The Bernard Foley/Kurtley Beale combination is as creative an attacking axis as you will see in Test rugby and Israel Folau is as influential as ever. Every defensive system leaves space somewhere, but bringing an Australian forward to the floor is easier than scrambling desperately to try and lasso Dane Haylett-Petty or Marika Koroibete when they are in full flight. Australia’s style of attack has traditionally been to move the ball wide early and often, and the current Wallabies side is no exception.
Loose Kicks Sink Ships
Besides narrowness in defence, Ireland’s main shortcoming in the spring was kicking too long. It never lost them a game, but it did cause them to concede three tries each against Italy and Wales, which could have ended up costing them the Championship if they hadn’t won all of their matches. Below, we see Joey Carbery putting in a downtown kick that Matteo Minozzi runs back to create a try for Edoardo Gori:
Minozzi was a surprise package in this year’s Six Nations; dangerous on the counter-attack in a team that normally make do with catch-and-kick full-backs. So too was his backfield colleague Mattia Bellini, but they aren’t in the same league as Folau and co. Here, we see the Australian back three putting Wales and England under scrutiny last November on kick returns:
Folau didn’t play in the November Series, and the Welsh defence still couldn’t get a handle on Australia. England recorded an impressive win over the Wallabies in that series, but up until the fourth quarter, the result hung in the balance. It is imperative therefore that Ireland’s loose kicking is corrected immediately because their last two victories over Australia followed the same pattern whereby they had a blistering start, storming into a two-try lead, only to lose control of the game and let the men in gold run riot, before hanging on by their fingernails for a win.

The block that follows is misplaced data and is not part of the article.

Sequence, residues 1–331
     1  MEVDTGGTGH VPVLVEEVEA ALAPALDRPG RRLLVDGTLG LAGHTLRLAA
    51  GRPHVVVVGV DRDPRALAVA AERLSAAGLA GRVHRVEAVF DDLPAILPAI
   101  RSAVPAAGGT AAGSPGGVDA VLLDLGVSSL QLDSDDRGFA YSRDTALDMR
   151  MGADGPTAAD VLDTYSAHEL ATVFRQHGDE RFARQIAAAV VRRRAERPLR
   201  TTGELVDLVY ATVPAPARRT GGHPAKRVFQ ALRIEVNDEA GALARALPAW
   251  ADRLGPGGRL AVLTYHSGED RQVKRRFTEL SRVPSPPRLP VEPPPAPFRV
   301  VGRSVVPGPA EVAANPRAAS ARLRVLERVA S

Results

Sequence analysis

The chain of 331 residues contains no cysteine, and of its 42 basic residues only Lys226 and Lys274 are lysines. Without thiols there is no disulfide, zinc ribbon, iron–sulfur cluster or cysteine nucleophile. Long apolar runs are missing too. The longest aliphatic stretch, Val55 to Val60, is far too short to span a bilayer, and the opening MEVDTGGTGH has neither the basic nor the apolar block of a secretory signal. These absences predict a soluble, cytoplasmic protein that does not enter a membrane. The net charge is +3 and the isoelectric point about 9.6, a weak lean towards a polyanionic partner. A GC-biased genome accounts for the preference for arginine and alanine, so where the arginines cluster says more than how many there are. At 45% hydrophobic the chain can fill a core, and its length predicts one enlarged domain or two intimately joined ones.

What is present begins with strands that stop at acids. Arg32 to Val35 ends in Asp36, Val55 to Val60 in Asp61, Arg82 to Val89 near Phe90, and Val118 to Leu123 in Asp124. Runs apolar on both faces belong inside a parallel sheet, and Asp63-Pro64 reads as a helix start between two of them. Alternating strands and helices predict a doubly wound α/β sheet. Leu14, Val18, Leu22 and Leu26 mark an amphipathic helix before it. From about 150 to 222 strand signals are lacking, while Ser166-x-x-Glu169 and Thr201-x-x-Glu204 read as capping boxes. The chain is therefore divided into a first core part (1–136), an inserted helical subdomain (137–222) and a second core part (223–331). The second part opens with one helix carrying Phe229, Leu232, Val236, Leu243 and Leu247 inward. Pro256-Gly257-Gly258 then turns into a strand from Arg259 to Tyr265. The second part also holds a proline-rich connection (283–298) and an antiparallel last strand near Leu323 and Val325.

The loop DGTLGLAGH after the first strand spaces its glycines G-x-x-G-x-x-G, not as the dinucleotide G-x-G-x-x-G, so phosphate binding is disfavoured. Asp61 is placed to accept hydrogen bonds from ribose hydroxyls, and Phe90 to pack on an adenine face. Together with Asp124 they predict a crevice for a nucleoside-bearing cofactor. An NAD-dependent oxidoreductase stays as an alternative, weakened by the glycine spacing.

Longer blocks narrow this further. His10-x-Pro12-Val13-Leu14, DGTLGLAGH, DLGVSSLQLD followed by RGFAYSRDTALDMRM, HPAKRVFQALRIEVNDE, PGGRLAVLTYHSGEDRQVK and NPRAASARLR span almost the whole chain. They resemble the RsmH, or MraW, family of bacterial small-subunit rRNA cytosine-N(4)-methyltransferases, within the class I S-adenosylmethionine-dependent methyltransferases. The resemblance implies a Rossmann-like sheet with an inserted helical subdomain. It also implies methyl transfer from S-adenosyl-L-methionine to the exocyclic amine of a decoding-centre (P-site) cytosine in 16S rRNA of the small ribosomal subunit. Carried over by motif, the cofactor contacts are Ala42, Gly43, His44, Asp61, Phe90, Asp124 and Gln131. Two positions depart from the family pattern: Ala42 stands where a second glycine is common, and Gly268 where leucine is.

An unstructured, high-tempo match is fitting for the players Australia have at their disposal, and Ireland allowing them to dictate the flow of the game in the November 2016 clash can be partly attributed to Jared Payne, Andrew Trimble and Rob Kearney all succumbing to injury before the second half started. If the same thing happens again for any reason, though, Ireland are unlikely to win a single Test (nevermind the series) over the next few weeks.
These June Tests are going to push the aerobic fitness of Ireland’s players to its absolute limits. Playing an Australian side who will gladly throw the ball around on their turf in what will probably be good weather conditions is not an enticing prospect for a squad who had eight players involved with the Lions last summer. As discussed earlier, expansive rugby plays to Australia’s strengths and exposes Ireland’s weaknesses at the same time, and if Ireland’s pack have to cover a lot of ground from the get-go on Saturday, it will show in the final 20.
Out of Ireland’s Lions contingent, Jack McGrath and CJ Stander look to be the worst cases of burnout, and there’s a valid argument that they should have been left at home in favour of players who haven’t got the same amount of miles on the clock. Dave Kilcoyne would have added a boost of energy to proceedings, and if Jack O’Donoghue wasn’t injured, his pace would have been perfect for the firm pitches of Australia.
Even without O’Donoghue, Ireland had the choice of resting Stander, with Jordi Murphy being able to cover number eight. It would have made bringing someone like Max Deegan along in an apprenticeship role an option to further strengthen the depth of the squad, while giving one of Ireland’s crucial players the summer off to charge the batteries ahead of next season.
That’s not a dig at Joe Schmidt, either; the Ireland head coach has been laudable in his efforts to give caps to younger players and expand his squad since the last World Cup, and he has done the right thing by not starting Tadhg Furlong or Johnny Sexton (even if those selection calls are huge gambles). However, time will tell if Ireland’s regular starters have the legs for this series.